Ever drive by a street full of buildings or bridges that are covered in graffiti and wonder who did the artwork and what it all means? A new book by Rafael Schacter, The World Atlas of Street Art and Graffiti, provides an in-depth perspective on street art and the artists who create it.
The author divides the book into chapters covering specific parts of the world. He breaks down the immense amount of data included in the book first by the different cities and then by the various artists who created the street art and graffiti. He explores North American, Latin American, Northern and Southern Europe among a few others.
Some of the artwork detailed in the book comes from major cities around the world. Cities included in the book are New York, San Francisco, Los Angeles, Mexico City, Berlin, Stockholm, Madrid and Athens among others.
The street art explored in the book portrays some aspect of the the culture of each of the cities. In a very real sense it is also a world-wide travel book, allowing the reader to know the city, the artwork and the artist all wrapped up in highly interesting editorials written by the author.
The author includes a diverse group of artists and styles. Readers will find some of the street art to their liking and some may find a bit of it to be offensive and appear as nothing more than destructive graffiti.
Those that study art and in particular, street art, will recognize many of the artists profiled. Just a few of the artists the author writes about include Espo (Steve Powers), Faile (Patrick McNeil and Patrick Miller), Mark Jenkins, Gold Peg and Spy.
The author writes, “The story of graffiti and street art presents us with an unimaginably vast arena. Both in terms of space, through its all pervasive global reach, as well as time, through its status as a practice that is as old as human culture itself, the act of writing upon walls (also known as parietal writing) is an equally ubiquitous and elemental act, one linked to the primal human desire to decorate, adorn, and physically shape the material environment.”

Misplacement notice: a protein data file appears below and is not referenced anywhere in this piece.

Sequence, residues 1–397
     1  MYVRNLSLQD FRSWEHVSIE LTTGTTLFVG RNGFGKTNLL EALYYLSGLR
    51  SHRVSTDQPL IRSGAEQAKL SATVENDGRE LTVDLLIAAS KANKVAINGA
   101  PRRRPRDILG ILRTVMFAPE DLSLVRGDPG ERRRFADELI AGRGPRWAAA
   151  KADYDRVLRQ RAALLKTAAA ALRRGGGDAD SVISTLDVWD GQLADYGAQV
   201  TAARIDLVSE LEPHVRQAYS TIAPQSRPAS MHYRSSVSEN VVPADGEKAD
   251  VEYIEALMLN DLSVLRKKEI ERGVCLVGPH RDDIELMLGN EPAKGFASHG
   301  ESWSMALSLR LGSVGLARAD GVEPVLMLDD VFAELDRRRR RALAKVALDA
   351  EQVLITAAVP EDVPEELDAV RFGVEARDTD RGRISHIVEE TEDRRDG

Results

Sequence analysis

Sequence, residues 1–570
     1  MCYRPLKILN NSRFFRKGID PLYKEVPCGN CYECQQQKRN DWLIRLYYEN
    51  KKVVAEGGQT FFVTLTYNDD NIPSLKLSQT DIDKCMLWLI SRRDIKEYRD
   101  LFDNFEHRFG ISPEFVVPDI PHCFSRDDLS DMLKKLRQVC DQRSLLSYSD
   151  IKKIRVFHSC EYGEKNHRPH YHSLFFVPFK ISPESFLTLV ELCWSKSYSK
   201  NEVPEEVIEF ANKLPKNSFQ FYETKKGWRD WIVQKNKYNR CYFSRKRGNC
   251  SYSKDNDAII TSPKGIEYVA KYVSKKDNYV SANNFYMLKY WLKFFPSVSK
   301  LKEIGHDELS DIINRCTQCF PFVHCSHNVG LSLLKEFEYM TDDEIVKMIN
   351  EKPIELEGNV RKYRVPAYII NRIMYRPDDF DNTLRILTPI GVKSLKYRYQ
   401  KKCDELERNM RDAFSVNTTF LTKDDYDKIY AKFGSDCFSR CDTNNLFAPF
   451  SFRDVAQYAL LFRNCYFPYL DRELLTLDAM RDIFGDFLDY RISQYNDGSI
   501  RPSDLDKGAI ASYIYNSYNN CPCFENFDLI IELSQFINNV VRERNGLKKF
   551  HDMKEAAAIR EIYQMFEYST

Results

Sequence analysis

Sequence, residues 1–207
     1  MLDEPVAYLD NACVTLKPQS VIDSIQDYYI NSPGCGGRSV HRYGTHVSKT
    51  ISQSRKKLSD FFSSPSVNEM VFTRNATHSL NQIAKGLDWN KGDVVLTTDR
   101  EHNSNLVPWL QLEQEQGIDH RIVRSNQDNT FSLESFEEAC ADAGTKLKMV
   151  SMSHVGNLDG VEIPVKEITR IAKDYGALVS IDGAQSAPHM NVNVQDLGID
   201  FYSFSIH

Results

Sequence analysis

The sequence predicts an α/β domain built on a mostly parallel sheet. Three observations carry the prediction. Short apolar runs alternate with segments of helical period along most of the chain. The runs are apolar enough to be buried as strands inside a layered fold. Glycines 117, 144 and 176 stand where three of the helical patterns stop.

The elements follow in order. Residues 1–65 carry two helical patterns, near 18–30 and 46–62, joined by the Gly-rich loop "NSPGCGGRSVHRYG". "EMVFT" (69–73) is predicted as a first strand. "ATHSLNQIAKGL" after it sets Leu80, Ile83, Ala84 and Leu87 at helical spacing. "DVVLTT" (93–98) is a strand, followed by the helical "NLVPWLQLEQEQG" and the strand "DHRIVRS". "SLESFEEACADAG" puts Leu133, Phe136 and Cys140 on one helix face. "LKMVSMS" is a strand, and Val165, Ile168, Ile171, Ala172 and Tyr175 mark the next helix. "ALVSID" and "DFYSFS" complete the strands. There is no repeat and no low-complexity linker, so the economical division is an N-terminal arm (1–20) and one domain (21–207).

When the reader looks at some of the work, one of the first questions that comes to mind is how the artist accomplished such a grand scale piece of artwork all on his or her own. Some of the art is spread across subway cars, across the side of large buildings, in the middle of a high-rise, under a bridge or covering something much smaller like a fire hydrant.
One of the artists profiled used billboards to express his thoughts and images. Another used large words painted on the sides of buildings. Yet another painted detailed faces of people smiling or staring directly at the viewer. Some artists used large murals of animals, unknown creatures or comic book like characters.
This is a big volume and would make a great coffee table book. It will thrill the art enthusiasts because of the art samples included and the detailed history of the artists, the cities and the art itself. And, it will make a nice addition to a home or office library for a person who enjoys learning about art on an occasional basis. For others, it will give a new view of those images that can be seen painted on the streetscape when driving into most of the major cities in the U.S. and across the world.
The author has an enjoyable writing style that immediately grabs the attention of the reader. His analysis of the artwork is plausible and most agreeable. When first looking at the art on a page, the reader may wonder why it was included in the book. After reading the author’s explanation, the art takes on an entirely new meaning.
There are plenty of colorful photographs to illustrate the author’s view of some of the street art. Those readers who think that the graffiti is nothing more than an act of vandalism may gain a new perspective. Those readers that aspire to be a great street artist or deliver a message on one of the biggest canvases available, will be inspired.